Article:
Researchers at Heriot-Watt University and Plymouth Marine Laboratory (PML) in collaboration with Edinburgh based company Ingenza Ltd are searching for new enzymes for use as manufacturing tools in the pharmaceutical and agrochemical industries.
The research project, funded by the Biotechnology and Biological Sciences Research Council (BBSRC) and the Technology Strategy Board (TSB), uses biochemical techniques to identify potentially useful enzymes in microbes that are found in the sea.
This work brings important expertise from industry together with academic researchers. The value in this approach is to take specific knowledge and expertise in biochemistry and molecular biology, coupled with novel and diverse marine microbes, right through to high-yielding, scalable and economic manufacturing processes. These processes use enzyme catalysts from the marine microbes, which lead to greener and cleaner manufacturing methods.
Dr Robert Speight, from Ingenza Ltd, explained: "We are using biology in our chemical processes to come up with improved manufacturing routes. We are taking advantage of the natural diversity of marine organisms that has arisen through evolution in different environments and coupling that with high-tech screening systems. We are looking to find naturally occurring microbes that already have a built-in capacity to do the chemical reactions we want to perform in industry. There is every possibility of developing more efficient and sustainable manufacturing solutions - for pharmaceuticals and agrochemicals in particular - as a result of this search."
Microorganisms account for more than 95 per cent of ocean biomass but relatively little is really known about them and their potential applications. The research team's search is for industrially relevant enzymes which will reduce waste and increase productivity in the manufacture of drugs and agrochemicals. The enzymes they seek have the ability to convert compounds that would have previously been waste products in the manufacturing process, into the desired product, therefore increasing the efficiency of the process.
Professor Mark Keane, from Heriot-Watt University, said: "Our approach is to look for microbes which can promote the chemical reactions that we want to use in manufacturing. We then treat the microbes under conditions where they produce the key enzymes in higher yield, which we finally purify. The enzymes then undergo systematic testing to evaluate their activity, which enables us to pinpoint candidates that exhibit the best performance."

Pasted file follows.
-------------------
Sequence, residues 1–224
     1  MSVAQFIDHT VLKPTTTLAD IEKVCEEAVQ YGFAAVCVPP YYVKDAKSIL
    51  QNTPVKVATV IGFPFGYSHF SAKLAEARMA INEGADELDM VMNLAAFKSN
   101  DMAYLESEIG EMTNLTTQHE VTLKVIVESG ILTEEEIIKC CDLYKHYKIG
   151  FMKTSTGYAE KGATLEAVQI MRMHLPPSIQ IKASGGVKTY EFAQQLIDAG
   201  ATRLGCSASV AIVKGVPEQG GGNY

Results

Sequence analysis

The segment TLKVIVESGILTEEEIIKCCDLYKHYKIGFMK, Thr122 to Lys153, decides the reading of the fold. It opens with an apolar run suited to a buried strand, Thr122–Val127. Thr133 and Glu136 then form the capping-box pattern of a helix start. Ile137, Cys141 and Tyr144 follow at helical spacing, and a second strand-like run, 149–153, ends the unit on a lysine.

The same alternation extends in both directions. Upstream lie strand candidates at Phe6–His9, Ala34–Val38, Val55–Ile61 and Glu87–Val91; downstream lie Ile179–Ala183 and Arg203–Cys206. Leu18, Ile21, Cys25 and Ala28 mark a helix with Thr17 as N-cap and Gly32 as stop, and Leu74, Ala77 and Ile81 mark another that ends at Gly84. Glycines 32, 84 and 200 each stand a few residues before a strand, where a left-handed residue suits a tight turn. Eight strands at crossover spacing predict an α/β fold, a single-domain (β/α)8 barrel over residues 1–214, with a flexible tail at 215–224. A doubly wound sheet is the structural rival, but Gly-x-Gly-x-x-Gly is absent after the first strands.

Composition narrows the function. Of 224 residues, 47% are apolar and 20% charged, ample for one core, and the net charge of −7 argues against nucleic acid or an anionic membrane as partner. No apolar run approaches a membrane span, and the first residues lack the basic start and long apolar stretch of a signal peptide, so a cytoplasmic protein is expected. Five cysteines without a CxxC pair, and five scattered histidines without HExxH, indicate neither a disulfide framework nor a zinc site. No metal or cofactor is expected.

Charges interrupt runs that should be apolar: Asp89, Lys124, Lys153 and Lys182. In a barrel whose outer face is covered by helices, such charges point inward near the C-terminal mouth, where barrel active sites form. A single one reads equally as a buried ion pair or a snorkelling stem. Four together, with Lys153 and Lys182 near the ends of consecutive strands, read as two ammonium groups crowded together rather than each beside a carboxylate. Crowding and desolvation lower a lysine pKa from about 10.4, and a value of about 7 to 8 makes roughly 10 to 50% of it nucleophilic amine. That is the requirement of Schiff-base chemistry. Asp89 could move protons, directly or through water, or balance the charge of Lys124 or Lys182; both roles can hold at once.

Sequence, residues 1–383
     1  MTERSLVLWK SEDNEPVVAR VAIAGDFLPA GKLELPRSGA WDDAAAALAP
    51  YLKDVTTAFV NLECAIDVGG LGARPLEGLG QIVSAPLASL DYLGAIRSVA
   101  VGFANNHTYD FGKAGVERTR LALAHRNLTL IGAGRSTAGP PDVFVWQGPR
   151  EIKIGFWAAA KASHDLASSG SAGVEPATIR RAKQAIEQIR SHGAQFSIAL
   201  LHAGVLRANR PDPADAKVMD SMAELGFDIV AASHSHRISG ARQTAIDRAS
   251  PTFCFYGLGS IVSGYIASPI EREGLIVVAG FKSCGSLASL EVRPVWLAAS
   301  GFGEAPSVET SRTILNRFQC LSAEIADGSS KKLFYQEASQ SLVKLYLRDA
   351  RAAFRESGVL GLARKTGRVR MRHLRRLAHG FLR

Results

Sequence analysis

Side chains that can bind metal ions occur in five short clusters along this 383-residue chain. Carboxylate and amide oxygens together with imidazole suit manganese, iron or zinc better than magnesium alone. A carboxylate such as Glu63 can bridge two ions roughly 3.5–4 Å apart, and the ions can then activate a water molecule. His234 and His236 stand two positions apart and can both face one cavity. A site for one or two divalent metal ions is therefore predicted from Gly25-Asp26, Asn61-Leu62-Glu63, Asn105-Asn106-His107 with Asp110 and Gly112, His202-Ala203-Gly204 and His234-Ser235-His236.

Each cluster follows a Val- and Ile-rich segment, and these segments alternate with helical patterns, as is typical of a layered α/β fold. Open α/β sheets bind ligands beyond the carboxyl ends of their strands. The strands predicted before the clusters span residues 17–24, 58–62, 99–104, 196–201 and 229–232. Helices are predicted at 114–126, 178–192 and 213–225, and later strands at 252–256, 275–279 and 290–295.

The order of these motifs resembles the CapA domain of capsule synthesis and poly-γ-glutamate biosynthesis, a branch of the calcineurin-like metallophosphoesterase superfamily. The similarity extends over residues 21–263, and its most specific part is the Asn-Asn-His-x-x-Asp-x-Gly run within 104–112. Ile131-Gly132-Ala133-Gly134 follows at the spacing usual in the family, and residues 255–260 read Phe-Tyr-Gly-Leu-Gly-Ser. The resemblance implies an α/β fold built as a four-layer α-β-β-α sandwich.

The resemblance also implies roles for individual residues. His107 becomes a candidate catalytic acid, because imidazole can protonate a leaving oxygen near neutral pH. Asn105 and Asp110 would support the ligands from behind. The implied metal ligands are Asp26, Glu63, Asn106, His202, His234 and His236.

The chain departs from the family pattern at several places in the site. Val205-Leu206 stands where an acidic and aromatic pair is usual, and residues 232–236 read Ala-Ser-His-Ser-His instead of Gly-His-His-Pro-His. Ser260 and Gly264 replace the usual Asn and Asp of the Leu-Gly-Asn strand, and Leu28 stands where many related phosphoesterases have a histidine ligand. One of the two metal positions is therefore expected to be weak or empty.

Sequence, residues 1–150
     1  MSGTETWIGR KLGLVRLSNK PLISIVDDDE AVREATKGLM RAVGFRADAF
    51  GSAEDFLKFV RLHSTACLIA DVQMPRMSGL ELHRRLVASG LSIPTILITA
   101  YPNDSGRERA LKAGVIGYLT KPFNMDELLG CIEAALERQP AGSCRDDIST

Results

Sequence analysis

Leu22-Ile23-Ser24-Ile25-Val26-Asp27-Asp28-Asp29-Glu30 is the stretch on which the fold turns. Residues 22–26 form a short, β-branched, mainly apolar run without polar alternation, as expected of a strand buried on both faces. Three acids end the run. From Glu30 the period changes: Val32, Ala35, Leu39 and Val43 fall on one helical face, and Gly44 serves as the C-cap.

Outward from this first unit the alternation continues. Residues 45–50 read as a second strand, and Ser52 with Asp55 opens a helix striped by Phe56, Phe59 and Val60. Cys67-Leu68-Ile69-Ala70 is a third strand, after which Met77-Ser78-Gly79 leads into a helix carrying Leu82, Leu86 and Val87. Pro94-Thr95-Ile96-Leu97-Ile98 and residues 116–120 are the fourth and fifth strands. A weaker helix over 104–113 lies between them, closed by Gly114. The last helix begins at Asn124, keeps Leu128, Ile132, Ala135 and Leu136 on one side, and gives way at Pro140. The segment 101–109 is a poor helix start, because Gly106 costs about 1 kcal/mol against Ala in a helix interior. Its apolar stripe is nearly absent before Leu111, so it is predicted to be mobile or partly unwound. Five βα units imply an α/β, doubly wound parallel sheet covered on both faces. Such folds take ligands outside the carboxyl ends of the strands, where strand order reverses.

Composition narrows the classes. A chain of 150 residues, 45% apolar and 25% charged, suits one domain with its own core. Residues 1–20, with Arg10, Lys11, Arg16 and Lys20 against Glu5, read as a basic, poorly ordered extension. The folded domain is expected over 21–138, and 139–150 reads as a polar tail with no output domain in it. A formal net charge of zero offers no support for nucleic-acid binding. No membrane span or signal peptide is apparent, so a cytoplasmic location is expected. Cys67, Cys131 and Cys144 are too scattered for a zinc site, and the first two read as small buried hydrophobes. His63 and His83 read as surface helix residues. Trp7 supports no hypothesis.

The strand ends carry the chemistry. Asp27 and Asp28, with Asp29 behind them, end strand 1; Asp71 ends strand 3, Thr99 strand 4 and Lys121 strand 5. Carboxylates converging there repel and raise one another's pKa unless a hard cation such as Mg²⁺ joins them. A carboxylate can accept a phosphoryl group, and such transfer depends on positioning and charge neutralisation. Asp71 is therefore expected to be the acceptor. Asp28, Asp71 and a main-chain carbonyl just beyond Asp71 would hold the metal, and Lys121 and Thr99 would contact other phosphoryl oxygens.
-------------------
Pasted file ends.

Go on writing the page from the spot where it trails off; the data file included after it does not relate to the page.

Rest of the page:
We are now identifying microbes with a type of enzyme called an amine oxidase. This could be key to cheaper, more efficient and sustainable process in the synthesis of valuable chemicals by both the pharmaceutical and agrochemical industries."
Commenting on the findings, BBSRC Chief Executive Professor Doug Kell, said: "Green and White biotechnologies are going to be an increasingly important part of the manufacturing landscape. Looking to biological systems that have been finely tuned by evolution to solve problems, rather than starting from scratch every time, might seem an obvious thing to do. It does however, in many cases, require the bringing together of particular niche expertise. The value of this collaboration is in the coincidence of knowledge and expertise from academia with the uniquely important business of synthesising a product on a large scale.
"What the outcomes of this project will offer us is the chance to have a significant impact on the sustainability of pharmaceutical and biochemicals production as we move from oil-based to photosynthesis-derived chemistry."
The research is featured in the summer issue of the new look Business, the BBSRC research highlights magazine.
IMAGES AVAILABLE ON REQUEST
ContactBBSRC Media Office
The Biotechnology and Biological Sciences Research Council (BBSRC) is the UK funding agency for research in the life sciences. Sponsored by Government, BBSRC annually invests around £450 million in a wide range of research that makes a significant contribution to the quality of life for UK citizens and supports a number of important industrial stakeholders including the agriculture, food, chemical, healthcare and pharmaceutical sectors. BBSRC carries out its mission by funding internationally competitive research, providing training in the biosciences, fostering opportunities for knowledge transfer and innovation and promoting interaction with the public and other stakeholders on issues of scientific interest in universities, centres and institutes.